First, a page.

Labour reforms must also be takes into consideration:
Labour reform is a tedious process but once implemented, it will be beneficial for industries and ultimately help in job creation.
As a country with sizable youth population, we should strive to create a conducive atmosphere for industries for better employment generation. The labour reforms including the code on occupational safety will reduce hassles and paper works for industries, and in a way improve productivity.
The reforms will give the required push for simpler labour laws, and help in economic growth. It needs to come into force faster for a developing economy like ours.
Changes in the manner in which labour laws operate in a State may require the Centre’s assent.
One hopes the Centre, which is pursuing a labour reform agenda through consolidated codes for wages, industrial relations and occupational safety, health and working conditions, would not readily agree to wholesale exemptions from legal safeguards and protections the law now affords to workers.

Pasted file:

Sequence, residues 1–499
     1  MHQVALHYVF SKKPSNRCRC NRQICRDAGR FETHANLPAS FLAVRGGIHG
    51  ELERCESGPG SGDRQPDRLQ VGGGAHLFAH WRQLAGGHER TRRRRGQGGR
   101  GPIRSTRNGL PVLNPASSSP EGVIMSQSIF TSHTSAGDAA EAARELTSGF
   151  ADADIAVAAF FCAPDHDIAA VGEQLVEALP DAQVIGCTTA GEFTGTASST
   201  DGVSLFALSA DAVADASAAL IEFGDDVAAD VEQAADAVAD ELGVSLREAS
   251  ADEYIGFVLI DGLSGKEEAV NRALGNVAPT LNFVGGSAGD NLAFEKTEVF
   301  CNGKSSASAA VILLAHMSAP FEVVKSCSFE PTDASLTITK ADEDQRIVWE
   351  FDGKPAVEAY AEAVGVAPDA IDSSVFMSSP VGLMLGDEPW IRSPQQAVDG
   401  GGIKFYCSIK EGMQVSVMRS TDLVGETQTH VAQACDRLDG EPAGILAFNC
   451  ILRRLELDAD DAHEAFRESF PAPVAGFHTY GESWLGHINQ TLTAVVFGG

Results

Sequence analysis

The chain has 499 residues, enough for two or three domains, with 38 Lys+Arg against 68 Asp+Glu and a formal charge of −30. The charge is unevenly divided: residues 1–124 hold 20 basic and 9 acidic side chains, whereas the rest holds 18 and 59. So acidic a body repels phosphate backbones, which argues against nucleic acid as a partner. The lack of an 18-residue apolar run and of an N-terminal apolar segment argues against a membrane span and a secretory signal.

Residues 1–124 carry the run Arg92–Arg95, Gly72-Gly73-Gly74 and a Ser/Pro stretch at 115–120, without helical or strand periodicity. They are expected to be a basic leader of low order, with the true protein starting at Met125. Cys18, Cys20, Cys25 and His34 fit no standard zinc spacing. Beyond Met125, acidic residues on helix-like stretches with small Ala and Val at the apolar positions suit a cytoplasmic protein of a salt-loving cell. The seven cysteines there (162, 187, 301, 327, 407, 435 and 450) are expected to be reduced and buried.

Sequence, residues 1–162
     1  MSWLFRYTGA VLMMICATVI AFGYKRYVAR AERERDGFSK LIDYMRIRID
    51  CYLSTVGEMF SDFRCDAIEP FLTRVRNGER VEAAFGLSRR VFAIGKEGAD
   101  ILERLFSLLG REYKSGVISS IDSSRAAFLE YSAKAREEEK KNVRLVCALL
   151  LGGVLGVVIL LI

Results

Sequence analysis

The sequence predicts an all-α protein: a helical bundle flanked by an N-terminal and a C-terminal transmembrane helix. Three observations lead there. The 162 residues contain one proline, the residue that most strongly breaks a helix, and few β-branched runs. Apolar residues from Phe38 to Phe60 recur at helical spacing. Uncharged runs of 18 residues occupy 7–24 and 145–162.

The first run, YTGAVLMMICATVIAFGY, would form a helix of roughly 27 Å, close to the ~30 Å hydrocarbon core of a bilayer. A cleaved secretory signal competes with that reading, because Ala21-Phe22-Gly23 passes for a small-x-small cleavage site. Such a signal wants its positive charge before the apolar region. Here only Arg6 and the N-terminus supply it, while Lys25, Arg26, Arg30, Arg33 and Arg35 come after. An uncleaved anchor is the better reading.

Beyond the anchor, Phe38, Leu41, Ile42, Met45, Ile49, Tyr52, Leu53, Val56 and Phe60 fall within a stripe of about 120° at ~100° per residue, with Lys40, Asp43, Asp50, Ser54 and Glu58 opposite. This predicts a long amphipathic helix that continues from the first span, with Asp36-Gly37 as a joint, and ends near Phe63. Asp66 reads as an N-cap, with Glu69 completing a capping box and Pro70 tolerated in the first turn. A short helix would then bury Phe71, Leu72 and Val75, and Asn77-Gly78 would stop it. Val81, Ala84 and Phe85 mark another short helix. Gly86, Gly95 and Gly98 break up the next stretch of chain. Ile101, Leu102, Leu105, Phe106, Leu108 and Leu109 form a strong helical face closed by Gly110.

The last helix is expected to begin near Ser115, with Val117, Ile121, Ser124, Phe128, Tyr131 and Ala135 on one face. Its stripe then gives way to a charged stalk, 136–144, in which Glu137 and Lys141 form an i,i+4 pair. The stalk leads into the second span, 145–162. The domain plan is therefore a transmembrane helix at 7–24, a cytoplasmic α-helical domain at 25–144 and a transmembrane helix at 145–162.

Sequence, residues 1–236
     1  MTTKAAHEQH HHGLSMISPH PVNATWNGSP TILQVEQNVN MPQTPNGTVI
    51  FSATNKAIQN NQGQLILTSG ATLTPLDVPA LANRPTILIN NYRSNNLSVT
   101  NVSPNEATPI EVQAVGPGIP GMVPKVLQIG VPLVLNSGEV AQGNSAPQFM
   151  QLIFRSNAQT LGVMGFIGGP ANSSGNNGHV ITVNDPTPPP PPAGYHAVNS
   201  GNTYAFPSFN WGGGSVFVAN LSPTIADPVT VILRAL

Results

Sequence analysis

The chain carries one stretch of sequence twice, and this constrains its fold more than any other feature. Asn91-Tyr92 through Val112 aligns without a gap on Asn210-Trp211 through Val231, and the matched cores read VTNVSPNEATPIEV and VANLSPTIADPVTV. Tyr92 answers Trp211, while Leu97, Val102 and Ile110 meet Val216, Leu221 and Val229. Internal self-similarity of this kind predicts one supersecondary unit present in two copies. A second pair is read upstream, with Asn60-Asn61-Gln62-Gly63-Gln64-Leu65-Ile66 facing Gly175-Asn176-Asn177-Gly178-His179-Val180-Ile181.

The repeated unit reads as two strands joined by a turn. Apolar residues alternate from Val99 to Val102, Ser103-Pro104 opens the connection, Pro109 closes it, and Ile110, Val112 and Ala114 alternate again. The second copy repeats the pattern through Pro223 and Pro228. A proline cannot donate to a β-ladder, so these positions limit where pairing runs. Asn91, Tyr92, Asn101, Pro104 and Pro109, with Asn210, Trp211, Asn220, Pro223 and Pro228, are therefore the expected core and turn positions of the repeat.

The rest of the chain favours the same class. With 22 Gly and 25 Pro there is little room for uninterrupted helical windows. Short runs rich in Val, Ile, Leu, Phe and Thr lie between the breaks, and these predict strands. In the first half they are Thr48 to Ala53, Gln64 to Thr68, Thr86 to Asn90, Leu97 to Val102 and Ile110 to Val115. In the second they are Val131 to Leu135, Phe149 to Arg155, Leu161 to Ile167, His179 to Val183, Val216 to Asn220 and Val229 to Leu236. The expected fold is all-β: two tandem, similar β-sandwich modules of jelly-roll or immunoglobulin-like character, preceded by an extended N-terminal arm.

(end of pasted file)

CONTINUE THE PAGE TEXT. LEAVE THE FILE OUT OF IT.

The most egregious aspect of the country’s response to the pandemic was its inability to protect the most vulnerable sections and its vast underclass of labourers from its impact.
The emphasis in the initial phase was on dealing with the health crisis, even when the consequence was the creation of an economic crisis.
While the country watches with horror the continuance of the collective misery of migrant workers well into the third spell of the national lockdown, the attitude of the ruling class towards labour remains one of utter apathy, bordering on contempt.
Insights Current Affairs Analysis (I–CAN) by IAS Topper